Determining absolute ages by radiometric dating
In other words, you can use superposition to tell you that one rock layer is older than another.
But determining the absolute age of a substance (its age in years) is a much greater challenge.
During the 18th and 19th centuries, geologists tried to estimate the age of Earth with indirect techniques.
For example, geologists measured how fast streams deposited sediment, in order to try to calculate how long the stream had been in existence.
By dating these surrounding layers, they can figure out the youngest and oldest that the fossil might be; this is known as "bracketing" the age of the sedimentary layer in which the fossils occur.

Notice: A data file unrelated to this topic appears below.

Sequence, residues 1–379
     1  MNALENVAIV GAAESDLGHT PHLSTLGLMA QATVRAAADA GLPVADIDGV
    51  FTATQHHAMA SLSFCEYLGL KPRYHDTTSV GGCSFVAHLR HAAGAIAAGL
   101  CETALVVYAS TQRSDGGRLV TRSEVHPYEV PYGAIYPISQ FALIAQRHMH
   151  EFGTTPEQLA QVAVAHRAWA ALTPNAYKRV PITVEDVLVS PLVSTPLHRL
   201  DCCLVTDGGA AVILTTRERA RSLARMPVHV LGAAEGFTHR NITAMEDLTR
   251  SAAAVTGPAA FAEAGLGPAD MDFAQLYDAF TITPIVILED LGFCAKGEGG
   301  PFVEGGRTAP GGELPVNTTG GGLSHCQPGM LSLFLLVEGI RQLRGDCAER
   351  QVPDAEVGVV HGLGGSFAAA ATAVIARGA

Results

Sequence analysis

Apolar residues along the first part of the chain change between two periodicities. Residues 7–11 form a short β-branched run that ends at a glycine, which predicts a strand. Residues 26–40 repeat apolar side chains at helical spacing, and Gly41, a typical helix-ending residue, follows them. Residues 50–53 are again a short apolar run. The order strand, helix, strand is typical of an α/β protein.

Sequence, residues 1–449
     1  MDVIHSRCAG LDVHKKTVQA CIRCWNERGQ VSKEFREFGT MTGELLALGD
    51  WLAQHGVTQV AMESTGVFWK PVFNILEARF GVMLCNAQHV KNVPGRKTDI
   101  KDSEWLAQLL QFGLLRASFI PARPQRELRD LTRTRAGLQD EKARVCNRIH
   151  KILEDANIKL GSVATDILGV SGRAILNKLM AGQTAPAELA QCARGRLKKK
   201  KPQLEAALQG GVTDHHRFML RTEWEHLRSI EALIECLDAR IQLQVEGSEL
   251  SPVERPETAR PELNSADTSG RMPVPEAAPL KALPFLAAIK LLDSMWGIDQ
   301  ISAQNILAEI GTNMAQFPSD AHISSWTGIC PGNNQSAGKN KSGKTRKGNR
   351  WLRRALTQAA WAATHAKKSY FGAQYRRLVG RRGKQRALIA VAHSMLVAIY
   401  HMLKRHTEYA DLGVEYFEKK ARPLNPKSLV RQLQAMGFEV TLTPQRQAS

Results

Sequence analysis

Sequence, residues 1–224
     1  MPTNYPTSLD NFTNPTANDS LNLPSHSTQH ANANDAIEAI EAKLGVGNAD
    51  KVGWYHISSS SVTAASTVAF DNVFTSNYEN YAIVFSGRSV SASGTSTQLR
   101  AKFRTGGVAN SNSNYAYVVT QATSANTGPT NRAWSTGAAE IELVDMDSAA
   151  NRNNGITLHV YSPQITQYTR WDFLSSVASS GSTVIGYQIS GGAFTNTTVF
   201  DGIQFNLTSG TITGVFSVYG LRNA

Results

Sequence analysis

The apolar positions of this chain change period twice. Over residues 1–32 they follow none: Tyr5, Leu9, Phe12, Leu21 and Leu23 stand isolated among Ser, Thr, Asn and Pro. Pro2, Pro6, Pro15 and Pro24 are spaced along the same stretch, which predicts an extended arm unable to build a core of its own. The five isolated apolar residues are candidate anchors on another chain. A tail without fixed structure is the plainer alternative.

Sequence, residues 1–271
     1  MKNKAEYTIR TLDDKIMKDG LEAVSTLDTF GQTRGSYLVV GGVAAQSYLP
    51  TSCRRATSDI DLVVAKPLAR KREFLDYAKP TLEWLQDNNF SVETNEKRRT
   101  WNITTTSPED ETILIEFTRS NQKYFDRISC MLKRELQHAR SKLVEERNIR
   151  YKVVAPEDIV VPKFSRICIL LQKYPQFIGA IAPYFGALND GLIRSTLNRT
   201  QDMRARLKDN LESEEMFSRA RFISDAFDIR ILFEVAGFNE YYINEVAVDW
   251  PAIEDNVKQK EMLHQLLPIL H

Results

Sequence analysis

Teach your students about absolute dating: Determining age of rocks and fossils, a classroom activity for grades 9-12.
In regions outside the tropics, trees grow more quickly during the warm summer months than during the cooler winter.
The longest cores have helped to form a record of polar climate stretching hundreds of thousands of years back.
Another example of yearly layers is the deposition of sediments in lakes, especially the lakes that are located at the end of glaciers.
The universe is full of naturally occurring radioactive elements.
Radioactive atoms are inherently unstable; over time, radioactive "parent atoms" decay into stable "daughter atoms." When molten rock cools, forming what are called igneous rocks, radioactive atoms are trapped inside. By measuring the quantity of unstable atoms left in a rock and comparing it to the quantity of stable daughter atoms in the rock, scientists can estimate the amount of time that has passed since that rock formed.